‘Ulladulla Fun Run’ – Fun Run History – Prostate Cancer

Ulladulla Fun Run
Easter Sunday 2006 – Blessing of the Fleet

bright autumn sun warms
harbour parking spaces
trestle-table procured
runners like cars collecting
at early morning traffic lights
stretch out the minutes
idle a conversation
change down for action

red shirted Ulladulla rats
bodies honed by discipline
sinewy and tough more weathered
than the decorated fishing boats
pit against fresh young limbs
eagerly chattering but not so seasoned
their smooth clean cut lines
unknown measure to the task

green light – and away
fast movers quick to tackle
the filter at the gate
while the cautious well heeled
slow to make the grade
watch the front line disappear
in headland track and bush
make the turn before the marshal

challenged by a female back
‘If you can read this you are losing’
sends the body to overdrive
the corner rounded to a sighting
of stolid rat in steady stride
sufficient time to out-manoeuvre
show no mercy, hold the pace
down the pavement to the park

then everyone glad to be home
bodies dripping and talking fast
over-run or not, the run now over
fun remains for those with fuel
a red red-rat shakes hands
polite enquiry as to age
seniority justifying position
to next rat assembly invited

and the fleet bobbing in the background
unduly clean in their church best
bottoms slapping wet
still waiting for their blessing

Richard Scutter

Dear My Word In Your Ear Reader,

This poem was written several years ago and of course the current virus climate has negated community Fun Run and the like activities. Being caught up at home with more hours inside provided the opportunity to reflect on earlier days. Quite a few years ago I went in the Ulladulla Fun Run. The local Ulladulla Rats running group were out in force, all appropriately uniformed in red. Also, It was the day of the annual Blessing of The Fleet.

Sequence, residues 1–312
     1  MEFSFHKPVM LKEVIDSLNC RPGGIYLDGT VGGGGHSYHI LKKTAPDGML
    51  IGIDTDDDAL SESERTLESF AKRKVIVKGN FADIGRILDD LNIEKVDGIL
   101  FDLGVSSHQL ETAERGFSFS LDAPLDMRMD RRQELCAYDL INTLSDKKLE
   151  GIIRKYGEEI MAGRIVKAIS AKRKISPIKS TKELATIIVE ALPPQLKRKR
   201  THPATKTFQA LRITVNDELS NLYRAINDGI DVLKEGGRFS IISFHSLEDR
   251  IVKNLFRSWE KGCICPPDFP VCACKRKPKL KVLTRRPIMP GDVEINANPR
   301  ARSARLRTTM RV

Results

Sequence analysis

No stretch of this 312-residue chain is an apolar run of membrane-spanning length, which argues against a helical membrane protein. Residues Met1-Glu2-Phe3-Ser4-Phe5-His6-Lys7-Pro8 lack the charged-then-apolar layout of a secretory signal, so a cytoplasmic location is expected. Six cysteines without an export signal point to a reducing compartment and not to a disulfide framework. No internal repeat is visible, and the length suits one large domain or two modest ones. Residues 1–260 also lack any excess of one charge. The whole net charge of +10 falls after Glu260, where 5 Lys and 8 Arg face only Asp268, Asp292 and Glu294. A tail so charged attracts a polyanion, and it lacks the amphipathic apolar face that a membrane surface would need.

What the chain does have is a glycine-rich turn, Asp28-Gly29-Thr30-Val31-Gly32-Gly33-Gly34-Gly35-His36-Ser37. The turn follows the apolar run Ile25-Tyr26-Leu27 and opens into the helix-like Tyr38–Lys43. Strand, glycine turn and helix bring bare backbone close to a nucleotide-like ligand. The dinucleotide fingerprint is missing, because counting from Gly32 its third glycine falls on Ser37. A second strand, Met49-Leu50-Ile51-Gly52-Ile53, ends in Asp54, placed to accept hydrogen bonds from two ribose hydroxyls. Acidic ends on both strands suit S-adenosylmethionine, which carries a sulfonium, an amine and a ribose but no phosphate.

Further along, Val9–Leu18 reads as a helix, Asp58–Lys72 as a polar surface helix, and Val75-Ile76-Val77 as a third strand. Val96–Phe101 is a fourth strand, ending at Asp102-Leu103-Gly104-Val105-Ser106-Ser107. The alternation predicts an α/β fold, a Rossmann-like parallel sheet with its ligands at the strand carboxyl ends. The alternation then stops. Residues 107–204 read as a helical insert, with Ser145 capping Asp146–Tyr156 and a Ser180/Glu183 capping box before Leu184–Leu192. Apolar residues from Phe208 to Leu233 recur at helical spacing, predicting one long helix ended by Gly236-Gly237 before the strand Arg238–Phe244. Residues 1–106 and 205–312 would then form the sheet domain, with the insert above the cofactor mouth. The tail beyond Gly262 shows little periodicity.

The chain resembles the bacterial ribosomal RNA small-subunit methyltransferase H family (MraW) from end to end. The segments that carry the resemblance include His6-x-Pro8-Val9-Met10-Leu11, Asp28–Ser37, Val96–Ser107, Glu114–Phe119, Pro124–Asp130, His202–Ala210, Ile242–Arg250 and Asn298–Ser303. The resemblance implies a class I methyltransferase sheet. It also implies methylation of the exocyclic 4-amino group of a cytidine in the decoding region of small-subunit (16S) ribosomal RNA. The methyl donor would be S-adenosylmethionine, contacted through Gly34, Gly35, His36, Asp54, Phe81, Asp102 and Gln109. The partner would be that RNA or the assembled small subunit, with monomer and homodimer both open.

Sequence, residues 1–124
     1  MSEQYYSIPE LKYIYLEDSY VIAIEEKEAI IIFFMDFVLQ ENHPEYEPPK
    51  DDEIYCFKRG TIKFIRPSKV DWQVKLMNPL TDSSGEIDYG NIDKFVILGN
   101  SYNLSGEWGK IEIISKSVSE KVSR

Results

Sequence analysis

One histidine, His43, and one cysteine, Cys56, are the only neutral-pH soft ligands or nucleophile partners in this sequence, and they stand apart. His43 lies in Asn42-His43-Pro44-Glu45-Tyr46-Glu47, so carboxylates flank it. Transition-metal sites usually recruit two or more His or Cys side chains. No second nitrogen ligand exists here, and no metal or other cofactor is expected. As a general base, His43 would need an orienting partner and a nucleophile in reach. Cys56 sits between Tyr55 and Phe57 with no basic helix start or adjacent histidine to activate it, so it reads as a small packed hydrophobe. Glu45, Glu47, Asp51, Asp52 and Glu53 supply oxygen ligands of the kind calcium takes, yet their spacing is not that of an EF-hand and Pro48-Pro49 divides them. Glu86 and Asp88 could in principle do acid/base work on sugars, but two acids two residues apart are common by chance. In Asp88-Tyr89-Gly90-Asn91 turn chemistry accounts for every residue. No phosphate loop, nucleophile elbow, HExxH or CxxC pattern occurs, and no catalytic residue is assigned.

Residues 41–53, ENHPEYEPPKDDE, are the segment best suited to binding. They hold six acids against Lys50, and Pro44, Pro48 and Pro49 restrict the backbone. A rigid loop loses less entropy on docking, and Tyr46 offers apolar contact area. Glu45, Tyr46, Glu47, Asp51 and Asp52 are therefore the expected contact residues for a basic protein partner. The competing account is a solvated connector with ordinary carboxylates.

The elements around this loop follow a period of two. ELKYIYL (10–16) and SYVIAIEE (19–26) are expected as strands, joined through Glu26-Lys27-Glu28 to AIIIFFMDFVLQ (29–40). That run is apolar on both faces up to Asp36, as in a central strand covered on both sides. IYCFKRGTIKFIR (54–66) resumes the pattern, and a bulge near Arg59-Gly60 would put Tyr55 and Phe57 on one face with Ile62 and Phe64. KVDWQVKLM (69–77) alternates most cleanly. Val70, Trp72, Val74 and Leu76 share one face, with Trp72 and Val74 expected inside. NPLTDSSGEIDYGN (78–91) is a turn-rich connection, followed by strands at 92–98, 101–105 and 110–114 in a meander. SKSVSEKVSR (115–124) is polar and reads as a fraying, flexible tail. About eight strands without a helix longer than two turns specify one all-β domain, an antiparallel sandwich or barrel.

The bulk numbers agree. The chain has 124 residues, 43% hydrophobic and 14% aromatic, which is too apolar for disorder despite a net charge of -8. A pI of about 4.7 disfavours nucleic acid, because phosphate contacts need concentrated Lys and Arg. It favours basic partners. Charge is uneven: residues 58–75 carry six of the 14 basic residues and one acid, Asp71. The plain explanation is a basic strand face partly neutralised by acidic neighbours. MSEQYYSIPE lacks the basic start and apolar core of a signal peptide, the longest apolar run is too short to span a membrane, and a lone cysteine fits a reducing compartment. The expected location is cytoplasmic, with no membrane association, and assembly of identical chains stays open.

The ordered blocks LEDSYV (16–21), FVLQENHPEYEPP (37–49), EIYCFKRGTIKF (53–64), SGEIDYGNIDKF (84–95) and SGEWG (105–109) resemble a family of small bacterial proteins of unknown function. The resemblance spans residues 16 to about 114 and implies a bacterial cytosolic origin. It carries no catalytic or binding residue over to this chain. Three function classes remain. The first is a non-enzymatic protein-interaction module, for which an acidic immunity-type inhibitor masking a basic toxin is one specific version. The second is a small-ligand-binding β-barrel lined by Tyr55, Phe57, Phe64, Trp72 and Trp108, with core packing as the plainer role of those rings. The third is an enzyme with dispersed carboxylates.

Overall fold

Given my personal history fighting prostate cancer I thought it appropriate to post this poem as exercise certainly helps in dealing with this male nasty.

I have entered ‘The Long Run’ event organised by the Australian Prostate Foundation to promote awareness where I am recording my jog/walk exercise over September.

For more information here is a link to my Page on ‘The Long Run Site’ where I will be entering exercise detail over the month.

Stay fit and healthy whatever!

All the best, Richard

 

Easter Sunday Sunrise

Easter Sunday Sunrise

not just another day
another day of the same
of the no touch of distancing
of not being able to reach out in the community
of confinement to self
of being centered on the inside
not just another day
no!

this day is different
this day is the one day
the one day that opens into every day
the lifeline to eternal tomorrows
as our own tomorrow ending
is contemplated

Richard Scutter

Celebrate this special day with friends and family!

Smile – A one Word Poem

Arthur Stace was an alcoholic but when he attended a Christianity meeting he was totally besotted by the word ‘Eternity’ and what this word represented. From then on he spread this word by writing it in copperplate with chalk on footpaths in and around Sydney. He did this for 35 years from 1932 to 1967 and became known as ‘Mr Eternity’.

A Wikipedia link

Awhile ago I was in a hurry to write a poem so I decided to choose just one word –